UNIVERSITY of Gloucestershire bosses have sold half a campus to a housing giant as part of their cost-cutting drive.
The institution has picked developer Charles Church as the firm to build homes on the Pittville site.
Details of the scheme are being kept firmly under wraps, but a county councillor yesterday warned the development could have far-reaching consequences.
Councillor David Prince (PAB, Oakley, Pittville and Prestbury) said: "It will have a big impact, particularly with the plans for Starvehall Farm.
"We've known about the campus for a while and these two should be looked at in the whole, not as individuals.
"The impact of them together would be very significant.
"You can't look at all these developments in isolation because sooner or later one will break the camel's back."
Mr Prince said the number of houses on the site was likely to exceed 100 and any plan should be considered in conjunction with the other large-scale developments, involving several hundred homes, at Starvehall Farm and North Place.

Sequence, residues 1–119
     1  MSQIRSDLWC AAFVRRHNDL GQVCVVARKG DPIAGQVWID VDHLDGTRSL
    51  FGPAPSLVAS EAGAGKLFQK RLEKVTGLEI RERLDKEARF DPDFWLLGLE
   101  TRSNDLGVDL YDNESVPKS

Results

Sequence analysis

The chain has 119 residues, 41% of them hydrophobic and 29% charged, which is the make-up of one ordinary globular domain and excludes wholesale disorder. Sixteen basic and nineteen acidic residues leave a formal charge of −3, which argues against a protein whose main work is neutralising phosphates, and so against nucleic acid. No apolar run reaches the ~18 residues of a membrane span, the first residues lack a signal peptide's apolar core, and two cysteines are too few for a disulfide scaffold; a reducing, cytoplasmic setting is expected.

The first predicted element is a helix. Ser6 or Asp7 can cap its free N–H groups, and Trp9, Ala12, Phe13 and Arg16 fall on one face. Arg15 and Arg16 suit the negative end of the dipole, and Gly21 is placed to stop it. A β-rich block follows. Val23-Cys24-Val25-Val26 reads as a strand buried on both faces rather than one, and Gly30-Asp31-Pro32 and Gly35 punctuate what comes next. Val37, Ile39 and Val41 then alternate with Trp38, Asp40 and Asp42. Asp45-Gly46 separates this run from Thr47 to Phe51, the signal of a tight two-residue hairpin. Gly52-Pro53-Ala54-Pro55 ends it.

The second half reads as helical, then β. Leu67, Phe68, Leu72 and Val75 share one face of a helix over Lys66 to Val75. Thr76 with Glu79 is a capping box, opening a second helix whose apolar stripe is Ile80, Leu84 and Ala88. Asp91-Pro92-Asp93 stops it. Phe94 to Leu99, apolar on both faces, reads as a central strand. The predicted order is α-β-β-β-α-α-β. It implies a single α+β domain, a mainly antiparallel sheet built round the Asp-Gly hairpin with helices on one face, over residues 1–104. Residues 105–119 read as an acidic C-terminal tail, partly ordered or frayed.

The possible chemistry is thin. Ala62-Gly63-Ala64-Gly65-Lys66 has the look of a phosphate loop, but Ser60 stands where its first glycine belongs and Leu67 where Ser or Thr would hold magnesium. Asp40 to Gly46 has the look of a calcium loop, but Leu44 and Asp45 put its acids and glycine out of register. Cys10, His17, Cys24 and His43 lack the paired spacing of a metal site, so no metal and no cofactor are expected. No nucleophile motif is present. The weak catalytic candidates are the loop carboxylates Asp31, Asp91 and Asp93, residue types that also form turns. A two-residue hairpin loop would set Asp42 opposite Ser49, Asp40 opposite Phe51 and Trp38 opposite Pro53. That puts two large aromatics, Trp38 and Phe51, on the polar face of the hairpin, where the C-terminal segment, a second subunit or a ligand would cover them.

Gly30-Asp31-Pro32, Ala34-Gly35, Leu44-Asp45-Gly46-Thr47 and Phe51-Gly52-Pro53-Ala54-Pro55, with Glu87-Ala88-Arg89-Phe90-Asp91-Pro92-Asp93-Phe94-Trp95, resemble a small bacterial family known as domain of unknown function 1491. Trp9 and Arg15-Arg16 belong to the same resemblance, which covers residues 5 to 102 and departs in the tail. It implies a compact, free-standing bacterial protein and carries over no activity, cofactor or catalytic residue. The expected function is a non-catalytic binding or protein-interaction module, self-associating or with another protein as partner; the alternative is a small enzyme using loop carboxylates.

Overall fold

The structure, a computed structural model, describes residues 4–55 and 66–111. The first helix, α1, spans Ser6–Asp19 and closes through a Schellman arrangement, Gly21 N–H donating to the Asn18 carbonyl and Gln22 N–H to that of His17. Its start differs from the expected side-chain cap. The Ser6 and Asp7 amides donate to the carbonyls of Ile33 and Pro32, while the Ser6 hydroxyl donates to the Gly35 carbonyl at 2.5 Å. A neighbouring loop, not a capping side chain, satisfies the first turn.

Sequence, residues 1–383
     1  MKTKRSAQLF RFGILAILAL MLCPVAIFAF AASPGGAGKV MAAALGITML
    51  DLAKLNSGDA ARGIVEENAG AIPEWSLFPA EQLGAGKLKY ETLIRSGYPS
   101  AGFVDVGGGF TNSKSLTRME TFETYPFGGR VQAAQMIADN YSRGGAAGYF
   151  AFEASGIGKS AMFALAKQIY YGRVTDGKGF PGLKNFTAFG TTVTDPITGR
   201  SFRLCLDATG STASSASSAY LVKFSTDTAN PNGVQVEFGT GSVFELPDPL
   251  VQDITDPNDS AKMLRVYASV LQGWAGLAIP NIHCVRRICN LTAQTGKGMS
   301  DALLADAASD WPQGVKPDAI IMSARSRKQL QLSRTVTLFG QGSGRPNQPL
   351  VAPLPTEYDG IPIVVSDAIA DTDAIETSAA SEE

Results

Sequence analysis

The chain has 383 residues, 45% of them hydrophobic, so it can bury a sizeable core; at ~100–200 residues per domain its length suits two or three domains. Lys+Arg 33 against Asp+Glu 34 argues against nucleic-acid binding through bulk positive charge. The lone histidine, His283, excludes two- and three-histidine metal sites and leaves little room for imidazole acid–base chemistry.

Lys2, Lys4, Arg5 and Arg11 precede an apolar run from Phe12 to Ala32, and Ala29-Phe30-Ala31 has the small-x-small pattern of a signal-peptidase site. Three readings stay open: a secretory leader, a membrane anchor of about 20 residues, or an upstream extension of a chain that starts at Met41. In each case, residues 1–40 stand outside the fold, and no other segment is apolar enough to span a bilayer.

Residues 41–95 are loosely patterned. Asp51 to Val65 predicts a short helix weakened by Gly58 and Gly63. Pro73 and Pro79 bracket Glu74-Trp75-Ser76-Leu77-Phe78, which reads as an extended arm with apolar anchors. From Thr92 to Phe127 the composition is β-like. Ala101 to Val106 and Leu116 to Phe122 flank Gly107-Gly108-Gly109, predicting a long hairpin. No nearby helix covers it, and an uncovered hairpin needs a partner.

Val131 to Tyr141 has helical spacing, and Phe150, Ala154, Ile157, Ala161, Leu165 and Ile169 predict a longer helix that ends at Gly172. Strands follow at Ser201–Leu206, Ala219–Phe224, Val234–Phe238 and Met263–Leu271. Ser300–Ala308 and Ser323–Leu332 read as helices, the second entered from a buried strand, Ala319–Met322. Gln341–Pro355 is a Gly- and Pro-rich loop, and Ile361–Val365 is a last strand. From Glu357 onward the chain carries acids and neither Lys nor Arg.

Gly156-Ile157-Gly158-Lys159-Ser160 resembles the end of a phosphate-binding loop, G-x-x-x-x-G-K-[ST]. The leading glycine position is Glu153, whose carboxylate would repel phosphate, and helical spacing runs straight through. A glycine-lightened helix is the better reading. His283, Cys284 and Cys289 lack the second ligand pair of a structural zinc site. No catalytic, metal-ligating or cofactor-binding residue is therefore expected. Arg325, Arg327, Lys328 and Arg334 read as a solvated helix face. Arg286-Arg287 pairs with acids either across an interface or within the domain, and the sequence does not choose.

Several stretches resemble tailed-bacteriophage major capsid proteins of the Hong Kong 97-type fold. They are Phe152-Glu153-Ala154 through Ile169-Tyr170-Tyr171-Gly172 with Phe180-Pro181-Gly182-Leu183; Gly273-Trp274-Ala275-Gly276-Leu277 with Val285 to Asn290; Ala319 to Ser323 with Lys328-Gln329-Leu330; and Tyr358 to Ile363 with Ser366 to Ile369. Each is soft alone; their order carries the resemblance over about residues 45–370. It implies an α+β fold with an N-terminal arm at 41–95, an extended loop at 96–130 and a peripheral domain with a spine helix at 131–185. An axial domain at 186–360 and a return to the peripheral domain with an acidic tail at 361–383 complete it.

There are fears over the impact any development could have on infrastructure, including roads and other public services.
He added: "We should not be accepting any other large-scale developments until our housing needs in the town have been set."
The site, on the corner of New Barn Lane and Albert Road, was vacated over the summer.
The media and art and design teaching blocks relocated to The Park, Francis Close Hall and the Hardwick site in St Paul's.
University bosses have retained half the three-hectare site for student accommodation, with the other portion being signed over to the developer.
University estates director, Nigel Wichall said: "Following an extensive marketing campaign, Charles Church was successful in securing the development site and, in partnership with the university, it is their intention to submit a planning application for residential development."
He added that the project was at an early stage and residents would have a chance to have their say over the coming months.
Charles Church yesterday refused to reveal how many homes could potentially be built on the site.
It said more information would be available by the end of the year.
A planning application could be lodged in 2012.
The company's land manager, James Wilson, said: "We will be consulting with the community from the outset to ensure we keep them informed of our plans."
The plans are part of a £5 million campus redesign, which has seen courses moved away from Pittville and new facilities built elsewhere.
In 2010, the university sold its London campus for £9.7m.